Monday, November 10, 2008

Mere Humanity

Chris Hedges' latest Truthdig column, "America the Illiterate," could easily be taken as a profound jeremiad for our times were its arguments not shot through with so much fallacious reasoning. A full enumeration of these flaws would be one of those exhaustive tasks best left "as an exercise for the student." I feel it is more important to focus on a single point, which might best be described as an error of misrepresentation. This is the problem that Hedges' essay overlooks the extent to which the act of reflecting on one's own humanity has always been a relatively elite pursuit. Thus, we think of Greece as the "cradle of civilization" on the basis of a handful of data points, such as Sophocles and Plato; but just how many of the inhabitants of that land actually went to the amphitheater to ponder the fate of Oedipus or had the time to spend the day wandering around the agora with Socrates? In any community, regardless of the extent of its scale, most folks just want to get on with their lives in a way that will put food on the table, provide clothes to protect against the cold and the rain, and keep the roof secure. These priorities have little to do with whether ancestors could follow Abraham Lincoln's eleventh-grade vocabulary level (which Hedges compares with the sixth-grade level of George W. Bush) or whether their ancestors chose to ratify our Constitution on the basis of the convoluted language of the Federalist Papers. (Hedges cites the Princeton Review for his data from a study that compared the oral vocabulary of major political debates, so the linguistic sophistication of the Federalist authors was beyond the scope of that study.)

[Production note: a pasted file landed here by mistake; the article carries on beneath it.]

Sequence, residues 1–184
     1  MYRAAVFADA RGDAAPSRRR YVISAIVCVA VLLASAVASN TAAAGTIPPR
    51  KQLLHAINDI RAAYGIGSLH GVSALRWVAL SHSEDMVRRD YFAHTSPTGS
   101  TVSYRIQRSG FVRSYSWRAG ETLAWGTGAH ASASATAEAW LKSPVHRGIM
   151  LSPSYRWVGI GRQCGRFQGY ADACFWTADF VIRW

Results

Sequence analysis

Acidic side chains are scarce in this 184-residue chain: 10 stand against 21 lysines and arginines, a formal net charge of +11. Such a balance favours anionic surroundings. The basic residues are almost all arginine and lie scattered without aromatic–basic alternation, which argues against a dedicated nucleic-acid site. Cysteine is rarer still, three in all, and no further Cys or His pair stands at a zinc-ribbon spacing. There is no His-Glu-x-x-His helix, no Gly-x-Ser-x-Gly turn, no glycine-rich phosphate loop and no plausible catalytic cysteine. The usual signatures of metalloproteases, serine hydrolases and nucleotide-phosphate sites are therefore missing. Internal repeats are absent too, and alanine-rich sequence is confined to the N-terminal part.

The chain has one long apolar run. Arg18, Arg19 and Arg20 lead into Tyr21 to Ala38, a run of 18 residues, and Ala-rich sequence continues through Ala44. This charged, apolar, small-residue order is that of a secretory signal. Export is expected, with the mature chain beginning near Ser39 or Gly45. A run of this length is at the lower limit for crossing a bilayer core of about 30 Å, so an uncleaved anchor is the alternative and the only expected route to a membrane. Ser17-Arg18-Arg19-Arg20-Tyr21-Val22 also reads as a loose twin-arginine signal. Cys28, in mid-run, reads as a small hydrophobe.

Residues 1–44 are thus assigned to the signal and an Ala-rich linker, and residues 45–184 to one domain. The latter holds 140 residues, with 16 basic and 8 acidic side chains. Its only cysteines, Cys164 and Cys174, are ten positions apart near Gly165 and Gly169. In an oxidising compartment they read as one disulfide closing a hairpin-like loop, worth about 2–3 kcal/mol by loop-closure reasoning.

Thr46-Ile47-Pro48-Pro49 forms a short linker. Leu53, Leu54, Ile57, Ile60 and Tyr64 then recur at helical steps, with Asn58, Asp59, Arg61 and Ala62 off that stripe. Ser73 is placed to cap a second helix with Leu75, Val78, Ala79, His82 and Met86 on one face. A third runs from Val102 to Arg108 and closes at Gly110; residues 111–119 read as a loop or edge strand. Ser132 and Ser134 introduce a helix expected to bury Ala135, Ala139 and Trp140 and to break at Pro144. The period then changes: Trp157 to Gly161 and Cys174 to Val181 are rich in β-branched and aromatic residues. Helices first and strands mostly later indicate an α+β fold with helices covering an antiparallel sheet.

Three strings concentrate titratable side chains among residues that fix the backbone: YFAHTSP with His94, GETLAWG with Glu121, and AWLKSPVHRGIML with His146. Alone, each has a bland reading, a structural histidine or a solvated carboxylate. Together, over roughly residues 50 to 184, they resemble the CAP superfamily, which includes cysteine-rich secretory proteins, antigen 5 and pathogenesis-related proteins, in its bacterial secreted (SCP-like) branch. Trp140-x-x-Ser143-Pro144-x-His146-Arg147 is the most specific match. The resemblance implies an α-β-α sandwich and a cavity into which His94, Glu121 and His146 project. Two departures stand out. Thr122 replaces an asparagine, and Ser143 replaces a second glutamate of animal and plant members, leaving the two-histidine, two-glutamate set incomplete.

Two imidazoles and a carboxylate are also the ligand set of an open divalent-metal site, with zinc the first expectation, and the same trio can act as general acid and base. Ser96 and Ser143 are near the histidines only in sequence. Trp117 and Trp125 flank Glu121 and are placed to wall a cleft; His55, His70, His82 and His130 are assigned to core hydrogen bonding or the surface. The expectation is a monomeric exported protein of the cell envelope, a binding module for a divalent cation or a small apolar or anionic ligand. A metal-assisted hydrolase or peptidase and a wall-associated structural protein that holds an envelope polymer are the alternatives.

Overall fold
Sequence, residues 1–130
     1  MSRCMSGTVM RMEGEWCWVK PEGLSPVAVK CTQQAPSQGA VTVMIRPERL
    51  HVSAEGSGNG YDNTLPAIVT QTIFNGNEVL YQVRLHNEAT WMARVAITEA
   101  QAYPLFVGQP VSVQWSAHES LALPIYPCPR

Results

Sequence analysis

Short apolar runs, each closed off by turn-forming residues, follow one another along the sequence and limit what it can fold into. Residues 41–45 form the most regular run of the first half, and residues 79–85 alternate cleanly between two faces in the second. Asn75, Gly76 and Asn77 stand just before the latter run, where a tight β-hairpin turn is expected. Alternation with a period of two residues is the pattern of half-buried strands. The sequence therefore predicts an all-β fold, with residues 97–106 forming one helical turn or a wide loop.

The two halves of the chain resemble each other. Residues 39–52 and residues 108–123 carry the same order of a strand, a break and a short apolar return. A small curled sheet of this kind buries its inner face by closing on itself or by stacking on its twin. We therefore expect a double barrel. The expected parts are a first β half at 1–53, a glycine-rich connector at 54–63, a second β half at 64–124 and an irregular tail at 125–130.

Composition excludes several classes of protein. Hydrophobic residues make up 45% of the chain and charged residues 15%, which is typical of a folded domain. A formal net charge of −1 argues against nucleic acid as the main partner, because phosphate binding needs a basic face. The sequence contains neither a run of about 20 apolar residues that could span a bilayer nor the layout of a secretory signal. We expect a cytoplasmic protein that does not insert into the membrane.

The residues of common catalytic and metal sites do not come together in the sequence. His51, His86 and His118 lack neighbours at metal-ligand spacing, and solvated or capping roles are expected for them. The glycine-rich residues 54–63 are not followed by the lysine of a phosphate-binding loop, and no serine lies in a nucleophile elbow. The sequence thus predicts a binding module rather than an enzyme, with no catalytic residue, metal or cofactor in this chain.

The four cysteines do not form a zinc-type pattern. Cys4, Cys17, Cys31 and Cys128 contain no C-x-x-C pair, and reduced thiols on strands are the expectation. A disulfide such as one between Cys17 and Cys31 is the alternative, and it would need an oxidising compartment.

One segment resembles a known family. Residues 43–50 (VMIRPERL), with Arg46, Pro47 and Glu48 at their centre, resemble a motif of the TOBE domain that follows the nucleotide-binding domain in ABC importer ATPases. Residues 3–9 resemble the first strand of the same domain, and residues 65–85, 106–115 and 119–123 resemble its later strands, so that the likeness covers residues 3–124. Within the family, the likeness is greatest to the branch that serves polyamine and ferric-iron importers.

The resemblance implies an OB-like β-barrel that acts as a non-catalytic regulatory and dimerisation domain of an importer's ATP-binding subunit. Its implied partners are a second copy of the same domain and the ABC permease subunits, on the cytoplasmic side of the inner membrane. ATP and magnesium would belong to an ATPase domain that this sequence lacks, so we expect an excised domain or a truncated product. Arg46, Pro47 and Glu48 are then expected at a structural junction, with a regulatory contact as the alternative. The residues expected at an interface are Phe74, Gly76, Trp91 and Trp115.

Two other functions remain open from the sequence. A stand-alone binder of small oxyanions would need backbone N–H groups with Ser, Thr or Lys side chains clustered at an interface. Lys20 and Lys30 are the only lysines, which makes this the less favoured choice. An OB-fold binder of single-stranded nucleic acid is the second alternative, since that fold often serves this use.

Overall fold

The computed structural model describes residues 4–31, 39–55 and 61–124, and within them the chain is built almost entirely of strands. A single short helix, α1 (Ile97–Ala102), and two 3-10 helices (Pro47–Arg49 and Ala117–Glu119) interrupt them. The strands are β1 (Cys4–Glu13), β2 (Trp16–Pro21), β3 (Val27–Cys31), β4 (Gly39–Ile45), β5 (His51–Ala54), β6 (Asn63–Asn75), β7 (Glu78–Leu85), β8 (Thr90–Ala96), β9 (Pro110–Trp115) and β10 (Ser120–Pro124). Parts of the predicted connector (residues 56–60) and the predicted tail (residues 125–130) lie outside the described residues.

Those of us who reflect on "the human condition" almost always lose sight of how few our numbers are. The result is that there is always some "end," which the jeremiahs among us (like Hedges) claim is clearly in sight. Yet "humanity" endures, probably because it is so diverse (particularly when viewed on a global scale, as it should be) that, like Wittgenstein's example of the noun "game," it is a concept that eludes any clear definition. Through diversity "humanity" survives by simple Darwinian logic; and even the most reflective of us really have no hand at all in that survival mechanism. Rather than agonizing over the fact that Mickey Mouse today is now more famous than Voltaire was in the eighteenth century (one of his many propositions that deserves a skeptical reading), he should take Voltaire's advice by seeing to the needs of his own garden while letting "humanity" take care of itself!

1 comment:

Anonymous said...

Points well taken.